The Topics of Tomorrow

Por Pierre Restany

Pierre Restany

On the 17 November 2000, after the Bienal Awards granted by UNESCO jury of which I was President, had been published, I went to meet up with up Mendive in his small paradise lost in the tropical countryside and just as every time I meet up with him, I find myself slipping away from and Joan Guaita can give his testimony to this. The Yoruba magic, that comes out of its dark hiding places, is suddenly lit up. He develops his practices within an initial order that will soon become known as a white Macumba.

The ancient Yoruba religions seems to have taken good note of the versatile fate of the Mendivian image and the serene optimism of its new appearance. Peace and serenity are synonymous for monumentality. The Mother Nature, who shelter it in his innermost bowels unravels and straightens out his flowing locks. The Mendivian nature has found the complete chlorophyll of its good health. The whole of Africa is about to turn white in the sunshine of hope. And this hope is a radiant paradox that has emerged like a bud of sugar cane within the heart of the skeleton remains of a devastated Marxist ideology.

Mendive’s works in the 2000s are those of maturity and eclosion of a pantheist and animist imagination that ends up incorporating itself, without shame or complexes, to the informative flow of our global culture as if they had come out of an Internet web page. We follow the artist within the quiet safety caused by the power of his vision. Keeping his initiation in secret is not admissible any longer and the message he now conveys is that of a culture that has made its conclusive rites with itself and presents itself as a reference in its full right. Mendive has not lost his secrets, but he deposits them at the very heart of global communication as sign vectors of the most fundamental information. As it always happens in his iconography, it is all about an intellectual and sensual meditation regarding the being and his relation with the world, with its nature, which is the nature of things, of everything. As his computer is indissolubly associated with its mouse, each being is linked to the symbolic signs of his destiny. Mendive has always been a discoverer regarding signs, and he has become the pioneer of the new planetary civilization. The whole complex web of telematics structures has braided in our brain the transplantation of an intelligent and generous machine in our brain, either by destiny (or by calculation). Mendive has understood that successive generations will not need to carry out the huge mental effort of memorizing the basic data on which we founded, still today, the references of our identity and sensitivity. Our successors will find these references stored in Internet, the planetary memory of humankind. What will the man of tomorrow do in the presence of this huge amount of released mental energy? Expectations are that that it will be transferred into sensorial energy and that we will find again the direct use of our senses that are completely drugged by the abuse of power of mental activity: taste, smell and touch, that were the patrimony and exclusive heritage of Mendive’s remote ancestors and of those initiated in the African, Asian, Indian and Oceanic pantheism… When human consciousness faces such premonition of fundamental revision, it intuitively projects over this transitory situation the Apocalypses metaphors, with its fundamental dualism: horror, violence, the Beast; beauty, peace, the heavenly Jerusalem.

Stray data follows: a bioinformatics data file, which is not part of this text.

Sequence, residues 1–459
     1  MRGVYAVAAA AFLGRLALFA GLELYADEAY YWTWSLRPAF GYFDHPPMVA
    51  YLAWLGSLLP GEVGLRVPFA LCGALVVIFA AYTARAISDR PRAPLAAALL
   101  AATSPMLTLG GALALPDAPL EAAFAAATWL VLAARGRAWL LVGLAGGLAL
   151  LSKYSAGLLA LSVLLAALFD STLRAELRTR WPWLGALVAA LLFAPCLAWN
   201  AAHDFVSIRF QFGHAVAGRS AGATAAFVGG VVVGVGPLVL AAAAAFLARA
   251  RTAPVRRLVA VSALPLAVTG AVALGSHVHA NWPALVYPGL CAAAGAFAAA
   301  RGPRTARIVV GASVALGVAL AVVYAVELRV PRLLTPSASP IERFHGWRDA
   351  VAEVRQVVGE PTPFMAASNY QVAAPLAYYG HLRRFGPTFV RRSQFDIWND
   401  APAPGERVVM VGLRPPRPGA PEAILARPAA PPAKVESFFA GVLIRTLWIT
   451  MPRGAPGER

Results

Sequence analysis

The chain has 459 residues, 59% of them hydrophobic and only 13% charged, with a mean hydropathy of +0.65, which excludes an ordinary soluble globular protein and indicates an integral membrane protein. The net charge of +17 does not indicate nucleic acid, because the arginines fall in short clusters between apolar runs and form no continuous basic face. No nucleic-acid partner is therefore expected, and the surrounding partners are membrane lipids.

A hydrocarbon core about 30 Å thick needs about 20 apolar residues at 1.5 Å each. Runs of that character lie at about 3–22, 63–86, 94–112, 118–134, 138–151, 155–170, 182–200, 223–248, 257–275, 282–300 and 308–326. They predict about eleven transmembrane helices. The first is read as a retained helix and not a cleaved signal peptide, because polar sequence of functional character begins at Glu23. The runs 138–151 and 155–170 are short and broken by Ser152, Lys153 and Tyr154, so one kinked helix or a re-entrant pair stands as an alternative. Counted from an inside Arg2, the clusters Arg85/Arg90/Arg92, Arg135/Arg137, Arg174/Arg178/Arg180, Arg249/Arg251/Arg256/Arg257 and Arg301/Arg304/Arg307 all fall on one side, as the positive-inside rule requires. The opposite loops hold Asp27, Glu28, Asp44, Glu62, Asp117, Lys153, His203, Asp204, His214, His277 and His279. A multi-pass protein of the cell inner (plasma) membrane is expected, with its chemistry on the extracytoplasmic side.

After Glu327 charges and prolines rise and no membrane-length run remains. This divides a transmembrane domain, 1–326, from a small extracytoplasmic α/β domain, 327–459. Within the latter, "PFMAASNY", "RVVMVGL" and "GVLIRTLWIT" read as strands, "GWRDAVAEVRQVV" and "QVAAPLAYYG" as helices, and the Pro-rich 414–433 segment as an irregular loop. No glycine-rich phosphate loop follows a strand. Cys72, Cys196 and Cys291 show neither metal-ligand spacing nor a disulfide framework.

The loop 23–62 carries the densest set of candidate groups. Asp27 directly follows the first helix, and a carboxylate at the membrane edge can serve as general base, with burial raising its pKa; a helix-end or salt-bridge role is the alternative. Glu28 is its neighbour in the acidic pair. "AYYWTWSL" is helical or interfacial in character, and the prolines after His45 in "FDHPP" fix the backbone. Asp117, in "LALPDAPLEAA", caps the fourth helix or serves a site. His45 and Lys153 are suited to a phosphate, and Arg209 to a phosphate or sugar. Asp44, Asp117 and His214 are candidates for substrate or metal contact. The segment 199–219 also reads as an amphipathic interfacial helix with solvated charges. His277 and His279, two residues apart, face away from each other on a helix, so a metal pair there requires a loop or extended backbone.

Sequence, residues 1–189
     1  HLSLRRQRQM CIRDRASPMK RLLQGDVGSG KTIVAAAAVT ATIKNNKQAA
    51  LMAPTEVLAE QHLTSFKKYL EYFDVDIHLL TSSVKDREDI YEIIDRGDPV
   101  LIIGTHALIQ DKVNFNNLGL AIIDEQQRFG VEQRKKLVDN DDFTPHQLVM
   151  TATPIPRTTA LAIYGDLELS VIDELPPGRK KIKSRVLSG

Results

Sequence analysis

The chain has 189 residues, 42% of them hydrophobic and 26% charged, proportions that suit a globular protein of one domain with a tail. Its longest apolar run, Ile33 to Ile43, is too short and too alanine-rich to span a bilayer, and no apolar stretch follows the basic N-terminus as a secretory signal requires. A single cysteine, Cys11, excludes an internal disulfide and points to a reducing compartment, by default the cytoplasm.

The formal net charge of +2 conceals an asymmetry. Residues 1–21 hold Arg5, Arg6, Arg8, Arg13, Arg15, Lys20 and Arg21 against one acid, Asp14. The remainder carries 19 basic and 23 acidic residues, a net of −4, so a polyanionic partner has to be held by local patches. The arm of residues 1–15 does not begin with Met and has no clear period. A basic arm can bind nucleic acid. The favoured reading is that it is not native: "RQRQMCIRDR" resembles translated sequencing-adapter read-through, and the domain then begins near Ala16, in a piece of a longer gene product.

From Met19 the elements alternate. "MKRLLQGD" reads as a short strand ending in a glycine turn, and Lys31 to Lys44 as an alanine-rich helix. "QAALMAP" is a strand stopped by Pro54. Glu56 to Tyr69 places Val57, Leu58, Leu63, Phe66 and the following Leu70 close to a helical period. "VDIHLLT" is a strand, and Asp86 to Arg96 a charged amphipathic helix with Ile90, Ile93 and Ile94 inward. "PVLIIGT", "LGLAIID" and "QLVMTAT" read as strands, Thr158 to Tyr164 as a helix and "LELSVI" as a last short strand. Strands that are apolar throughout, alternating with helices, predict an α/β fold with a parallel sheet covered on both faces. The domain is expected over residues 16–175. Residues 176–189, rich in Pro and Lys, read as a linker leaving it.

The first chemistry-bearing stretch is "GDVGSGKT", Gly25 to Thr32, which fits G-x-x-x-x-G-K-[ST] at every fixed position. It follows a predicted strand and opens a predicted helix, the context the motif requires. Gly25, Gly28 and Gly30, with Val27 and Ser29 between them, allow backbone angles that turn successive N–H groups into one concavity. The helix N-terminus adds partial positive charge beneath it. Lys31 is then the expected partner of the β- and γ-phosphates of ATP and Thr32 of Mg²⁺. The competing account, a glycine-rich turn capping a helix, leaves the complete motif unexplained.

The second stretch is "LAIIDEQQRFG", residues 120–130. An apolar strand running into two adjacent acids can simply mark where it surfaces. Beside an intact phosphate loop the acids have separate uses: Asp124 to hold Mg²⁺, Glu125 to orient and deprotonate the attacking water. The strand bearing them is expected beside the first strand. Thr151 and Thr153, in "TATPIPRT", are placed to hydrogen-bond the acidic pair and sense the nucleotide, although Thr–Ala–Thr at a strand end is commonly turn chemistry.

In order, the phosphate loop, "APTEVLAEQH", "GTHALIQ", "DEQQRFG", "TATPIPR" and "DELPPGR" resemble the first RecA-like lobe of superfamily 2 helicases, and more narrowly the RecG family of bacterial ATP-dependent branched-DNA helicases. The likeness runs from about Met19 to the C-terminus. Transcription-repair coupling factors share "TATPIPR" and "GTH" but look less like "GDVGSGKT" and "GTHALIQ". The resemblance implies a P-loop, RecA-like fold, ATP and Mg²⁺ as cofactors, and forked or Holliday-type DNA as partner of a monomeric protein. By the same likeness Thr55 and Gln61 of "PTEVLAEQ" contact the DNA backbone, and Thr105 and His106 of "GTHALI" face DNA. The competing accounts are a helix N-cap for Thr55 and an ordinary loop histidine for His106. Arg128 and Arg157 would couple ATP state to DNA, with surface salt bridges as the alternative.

As an inspired observer, Mendive has managed to assume intuitively the ancestral path. The exhibited samples of his sinister and sticky phantasmagoria have found the oxygen of heavenly paradise. His work has improved not only in energy and specific gravity, but also in immediate current time.

Mendive’s images are serene because his author knows very well that he has already found his place in the current time of tomorrow.

Pierre Restany
Text for the catalog of the exhibition: ¨Los ancestros, orisha, la naturaleza y el pensamiento¨, San Juan, Puerto Rico, Museo de las Américas, November, 2003-January, 2004.

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